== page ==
You _can_ do a "deep equality" comparison that recurses through every nested field in both `this.props` and `nextProps`, but that's relatively expensive. The alternative is "shallow equality", which uses pointer/reference equality checks for each field in both objects. However, in order for that to be useful, you need to manage your data in an immutable fashion so that each update results in a new object/array reference, rather than directly modifying the existing objects.
So, you don't _have_ to manage data immutably in React, but doing so enables performance optimizations, and also goes along with React's functional programming influences.
Funny timing. I was actually implementing SCU using deep obj equality for the first time earlier today. I did understand the desire for immutability, but it didn't seem to be a game changer.
React's `setState()` definitely doesn't care if you mutate or not - you can `.push()` right into an existing array in state, and re-set it into state to queue the re-render.
On the Redux side of things, immutability is important for several reasons. First, pure reducer functions are more easily testable. Second, they enable time-travel debugging - without immutability, jumping back and forth in state would cause the state contents to behave unpredictably, breaking time-travel. Third, the React-Redux `connect` function relies on immutability checks against the root of the state tree to see if it _thinks_ anything has changed, and against the return values of your `mapState` functions as well. If you mutate Redux state, your connected components usually won't re-render properly, because they think nothing has changed.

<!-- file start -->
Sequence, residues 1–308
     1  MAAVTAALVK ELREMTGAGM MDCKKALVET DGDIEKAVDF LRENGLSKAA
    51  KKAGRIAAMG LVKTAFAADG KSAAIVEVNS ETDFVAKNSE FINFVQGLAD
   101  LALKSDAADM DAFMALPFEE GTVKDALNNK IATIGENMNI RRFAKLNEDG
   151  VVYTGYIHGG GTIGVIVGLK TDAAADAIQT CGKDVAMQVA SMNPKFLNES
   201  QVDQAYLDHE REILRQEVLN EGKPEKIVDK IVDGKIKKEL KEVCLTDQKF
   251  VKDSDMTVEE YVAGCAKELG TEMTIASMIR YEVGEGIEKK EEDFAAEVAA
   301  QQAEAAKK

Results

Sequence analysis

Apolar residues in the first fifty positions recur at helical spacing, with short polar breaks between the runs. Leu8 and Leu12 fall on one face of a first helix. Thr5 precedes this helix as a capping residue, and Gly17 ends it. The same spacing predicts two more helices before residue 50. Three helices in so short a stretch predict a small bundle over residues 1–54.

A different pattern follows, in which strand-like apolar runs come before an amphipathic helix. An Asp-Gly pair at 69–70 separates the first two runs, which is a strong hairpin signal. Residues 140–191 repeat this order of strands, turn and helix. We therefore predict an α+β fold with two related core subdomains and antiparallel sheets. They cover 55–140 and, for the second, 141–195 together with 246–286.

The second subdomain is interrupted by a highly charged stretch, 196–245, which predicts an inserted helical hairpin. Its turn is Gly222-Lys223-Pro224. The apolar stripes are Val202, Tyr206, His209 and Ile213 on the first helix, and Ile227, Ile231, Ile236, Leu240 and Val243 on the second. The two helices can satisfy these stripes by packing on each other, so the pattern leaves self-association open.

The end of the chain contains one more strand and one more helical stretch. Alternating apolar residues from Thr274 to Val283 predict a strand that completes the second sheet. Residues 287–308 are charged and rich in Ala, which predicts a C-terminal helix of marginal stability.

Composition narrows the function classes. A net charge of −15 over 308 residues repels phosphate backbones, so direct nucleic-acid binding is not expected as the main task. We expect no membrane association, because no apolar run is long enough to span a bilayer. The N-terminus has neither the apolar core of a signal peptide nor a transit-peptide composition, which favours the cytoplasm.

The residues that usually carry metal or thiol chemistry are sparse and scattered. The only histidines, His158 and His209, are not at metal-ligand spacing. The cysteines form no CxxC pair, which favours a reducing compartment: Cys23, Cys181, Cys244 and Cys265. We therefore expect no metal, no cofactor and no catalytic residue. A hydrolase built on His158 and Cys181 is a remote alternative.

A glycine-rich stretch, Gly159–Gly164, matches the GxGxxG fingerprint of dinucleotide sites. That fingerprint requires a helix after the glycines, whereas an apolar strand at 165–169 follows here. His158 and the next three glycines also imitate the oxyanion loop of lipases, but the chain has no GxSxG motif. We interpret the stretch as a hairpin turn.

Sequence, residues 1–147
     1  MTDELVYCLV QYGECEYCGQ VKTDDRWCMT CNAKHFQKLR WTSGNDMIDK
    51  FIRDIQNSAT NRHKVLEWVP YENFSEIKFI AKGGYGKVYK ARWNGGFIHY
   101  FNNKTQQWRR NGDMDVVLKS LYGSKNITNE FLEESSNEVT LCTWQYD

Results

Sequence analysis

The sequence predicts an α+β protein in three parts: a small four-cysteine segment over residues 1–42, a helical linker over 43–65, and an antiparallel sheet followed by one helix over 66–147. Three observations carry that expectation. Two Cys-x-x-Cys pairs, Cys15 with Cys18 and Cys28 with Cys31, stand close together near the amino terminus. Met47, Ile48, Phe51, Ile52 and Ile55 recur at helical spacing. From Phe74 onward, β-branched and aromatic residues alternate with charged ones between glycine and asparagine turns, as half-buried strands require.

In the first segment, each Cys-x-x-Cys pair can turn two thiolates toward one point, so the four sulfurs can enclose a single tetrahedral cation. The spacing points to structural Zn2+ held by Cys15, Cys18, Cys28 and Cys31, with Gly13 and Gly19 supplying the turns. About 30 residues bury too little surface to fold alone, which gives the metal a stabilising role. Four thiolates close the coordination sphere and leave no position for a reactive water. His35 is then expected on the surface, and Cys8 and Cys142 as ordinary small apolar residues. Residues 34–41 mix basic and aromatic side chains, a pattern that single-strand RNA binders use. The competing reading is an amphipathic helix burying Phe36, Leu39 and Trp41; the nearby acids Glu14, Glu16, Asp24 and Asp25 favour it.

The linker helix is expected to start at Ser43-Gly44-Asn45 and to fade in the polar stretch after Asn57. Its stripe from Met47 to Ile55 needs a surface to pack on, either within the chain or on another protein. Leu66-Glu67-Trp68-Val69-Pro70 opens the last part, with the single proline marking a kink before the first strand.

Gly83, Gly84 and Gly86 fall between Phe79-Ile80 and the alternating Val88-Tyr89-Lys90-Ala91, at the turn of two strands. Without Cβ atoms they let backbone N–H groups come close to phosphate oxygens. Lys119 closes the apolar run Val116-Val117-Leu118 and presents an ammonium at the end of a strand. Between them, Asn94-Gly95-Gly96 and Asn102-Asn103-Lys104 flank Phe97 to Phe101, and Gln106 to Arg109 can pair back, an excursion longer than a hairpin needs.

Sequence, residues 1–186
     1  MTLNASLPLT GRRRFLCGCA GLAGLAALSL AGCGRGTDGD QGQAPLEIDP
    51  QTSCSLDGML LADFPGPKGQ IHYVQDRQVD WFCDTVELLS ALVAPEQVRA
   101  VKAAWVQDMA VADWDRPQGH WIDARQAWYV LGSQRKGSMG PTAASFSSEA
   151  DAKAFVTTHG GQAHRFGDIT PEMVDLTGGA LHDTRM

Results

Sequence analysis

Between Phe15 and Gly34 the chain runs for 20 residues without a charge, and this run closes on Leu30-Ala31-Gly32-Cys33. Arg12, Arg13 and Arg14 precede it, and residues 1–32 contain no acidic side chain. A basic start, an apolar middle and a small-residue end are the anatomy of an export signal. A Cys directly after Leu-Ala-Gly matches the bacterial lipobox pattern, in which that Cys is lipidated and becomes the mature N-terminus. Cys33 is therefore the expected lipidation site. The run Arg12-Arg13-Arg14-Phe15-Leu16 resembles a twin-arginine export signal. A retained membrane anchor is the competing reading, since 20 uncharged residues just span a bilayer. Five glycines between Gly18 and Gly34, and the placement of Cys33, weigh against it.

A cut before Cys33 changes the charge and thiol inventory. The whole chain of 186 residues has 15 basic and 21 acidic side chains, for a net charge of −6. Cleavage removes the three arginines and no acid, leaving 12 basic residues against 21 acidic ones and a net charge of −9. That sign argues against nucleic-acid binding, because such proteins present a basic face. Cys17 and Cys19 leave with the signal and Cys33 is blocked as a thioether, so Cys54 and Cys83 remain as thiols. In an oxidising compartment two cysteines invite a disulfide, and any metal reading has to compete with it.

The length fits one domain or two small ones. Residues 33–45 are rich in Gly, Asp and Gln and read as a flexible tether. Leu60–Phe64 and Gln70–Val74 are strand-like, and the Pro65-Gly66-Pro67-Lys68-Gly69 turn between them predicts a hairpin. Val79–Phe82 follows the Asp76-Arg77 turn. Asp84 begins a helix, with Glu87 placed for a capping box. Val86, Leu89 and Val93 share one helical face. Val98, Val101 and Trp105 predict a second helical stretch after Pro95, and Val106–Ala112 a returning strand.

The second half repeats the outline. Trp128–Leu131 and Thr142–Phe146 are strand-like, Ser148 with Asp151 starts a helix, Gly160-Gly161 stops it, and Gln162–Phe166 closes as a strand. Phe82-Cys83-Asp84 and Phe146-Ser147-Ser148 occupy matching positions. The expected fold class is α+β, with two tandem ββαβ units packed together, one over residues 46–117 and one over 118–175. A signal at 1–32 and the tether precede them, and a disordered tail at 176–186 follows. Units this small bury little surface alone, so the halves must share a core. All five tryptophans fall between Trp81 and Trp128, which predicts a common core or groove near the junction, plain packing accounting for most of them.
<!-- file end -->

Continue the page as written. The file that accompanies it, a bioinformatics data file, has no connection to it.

The assumption is that if two objects are different references, then their contents are also different. It's possible that you could have two different objects whose fields point to the exact same contents, but given a typical application setup that's unlikely. So, a simple `a === b` (or if you're looking at all the contents, `first.a === second.a && first.b === second.b && .....`) is just some quick pointer comparisons in the JS engine. So, at the JS level you don't care what the pointer address actually _is_, just whether the two variables point to different things in memory.
More precisely: may be different.